Quad-City Downs

Illinois Gov. Pat Quinn vetoed a plan this morning that would have expanded gambling in the state, added slot machines at horse-racing tracks and would have brought live racing back to the Quad-City Downs in East Moline for the first time since 1995. (David McCaffrey/Illinois Harness Horsemen’s Association)

Contributed photo

Our Illinois Quad-Cities state representatives reluctantly went along with a solid majority supporting another Illinois gambling explosion.

Perhaps “explosion” overstates the addition of 20,700 gaming positions — which are gaming machines or seats at a gaming table — at five casinos and five horse racing tracks. Illinois already is implementing the last explosion that permits electronic games at taverns and restaurants. State lawmakers have expanded gaming so often these exponential increases don’t seem to pack the wallop they used to.

Tavern gambling, by the most conservative estimates, will add 45,000 gaming positions. Illinois’ lawmakers were first in the nation to put their state lottery online.

In 2009, they expanded online parimutuel betting to bring wagering to laptops, iPads and smartphones.

The next explosion? Senate president John Cullerton this month introduced a bill authorizing online poker and other personal digital gaming statewide.

Illinois educators, transportation planners and economic development leaders are counting on millions of Illinois gamblers to up their personal ante.

Gambling has been called the “sucker tax.” If lawmakers are successful, Illinois will have to be flush with suckers.

The newest gambling expansion proposal now pending in the Senate is tied to reviving Illinois horse racing. We love the provision in the bill that would bring two- to three-months of weekend harness races to the Quad-City Downs. We can even support limited electronic gaming at existing tracks specifically to boost the purses that can revive racing.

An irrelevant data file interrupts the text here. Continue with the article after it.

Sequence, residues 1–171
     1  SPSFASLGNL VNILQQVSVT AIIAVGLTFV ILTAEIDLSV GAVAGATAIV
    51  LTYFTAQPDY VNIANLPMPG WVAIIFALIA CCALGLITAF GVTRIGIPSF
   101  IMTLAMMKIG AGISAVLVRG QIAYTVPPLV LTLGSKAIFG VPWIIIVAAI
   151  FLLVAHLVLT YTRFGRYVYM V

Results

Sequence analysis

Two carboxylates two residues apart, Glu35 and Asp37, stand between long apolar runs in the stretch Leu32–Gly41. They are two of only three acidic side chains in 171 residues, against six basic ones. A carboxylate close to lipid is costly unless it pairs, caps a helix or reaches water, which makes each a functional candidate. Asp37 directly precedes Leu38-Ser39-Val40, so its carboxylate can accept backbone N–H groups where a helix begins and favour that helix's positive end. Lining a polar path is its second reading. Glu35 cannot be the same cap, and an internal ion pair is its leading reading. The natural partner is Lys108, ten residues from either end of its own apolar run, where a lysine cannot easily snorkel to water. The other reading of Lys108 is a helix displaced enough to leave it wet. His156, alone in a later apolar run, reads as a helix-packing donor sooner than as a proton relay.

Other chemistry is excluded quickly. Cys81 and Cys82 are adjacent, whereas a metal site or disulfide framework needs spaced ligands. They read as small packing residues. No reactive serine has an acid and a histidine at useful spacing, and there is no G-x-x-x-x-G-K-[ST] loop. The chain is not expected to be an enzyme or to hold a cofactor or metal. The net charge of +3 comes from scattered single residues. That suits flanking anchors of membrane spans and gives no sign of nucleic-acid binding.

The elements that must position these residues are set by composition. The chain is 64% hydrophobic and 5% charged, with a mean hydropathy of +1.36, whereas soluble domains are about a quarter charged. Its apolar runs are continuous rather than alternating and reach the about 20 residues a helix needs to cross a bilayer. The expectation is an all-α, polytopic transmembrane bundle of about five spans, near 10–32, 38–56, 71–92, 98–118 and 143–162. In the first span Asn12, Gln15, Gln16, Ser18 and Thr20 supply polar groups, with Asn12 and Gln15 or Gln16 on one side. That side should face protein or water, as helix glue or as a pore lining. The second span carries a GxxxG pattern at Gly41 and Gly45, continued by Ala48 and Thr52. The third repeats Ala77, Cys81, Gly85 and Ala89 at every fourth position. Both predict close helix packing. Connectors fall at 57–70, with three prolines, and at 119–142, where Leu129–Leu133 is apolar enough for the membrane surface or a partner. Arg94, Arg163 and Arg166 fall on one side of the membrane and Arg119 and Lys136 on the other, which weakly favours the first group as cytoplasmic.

But this cobbled mess isn’t about reviving the horse industry.

It would decimate the tourism gaming business meticulously nurtured by Jumer’s Casino and Hotel and Illinois’ nine other casinos.

It would richly reward Arlington Park for running its Quad-City Downs into the ground. Arlington Park is the Illinois-based subsidiary of Churchill Downs that has reaped millions in profits from OTBs licensed to the Downs. But Arlington Park never had to pay a penny in local gaming taxes to the Quad-Cities, unlike every other gaming entity in the state. This new legislation offers East Moline and Rock Island County a sliver of slot revenue, far less than Iowa-side casinos pay locally. And it still leaves the Downs’ East Moline OTB operation off-limits to local taxes.

This bill would make the city of Chicago a casino owner. Not the licensor or regulator. Chicago’s municipal government would own a casino. Lawmakers should keep working on crafting focused legislation to revive horse racing, the first legal gambling in Illinois. But even with targeted incentives, we’re not sure parimutuel wagering can survive in a state with unfettered gaming everywhere else.

P.T. Barnum has been cited widely as the source for a famous quip: “There’s a sucker born every minute.” That birth rate would be insufficient to sustain the revenue Illinois lawmakers are counting on from five new casinos and 20,700 gaming positions added by this bill.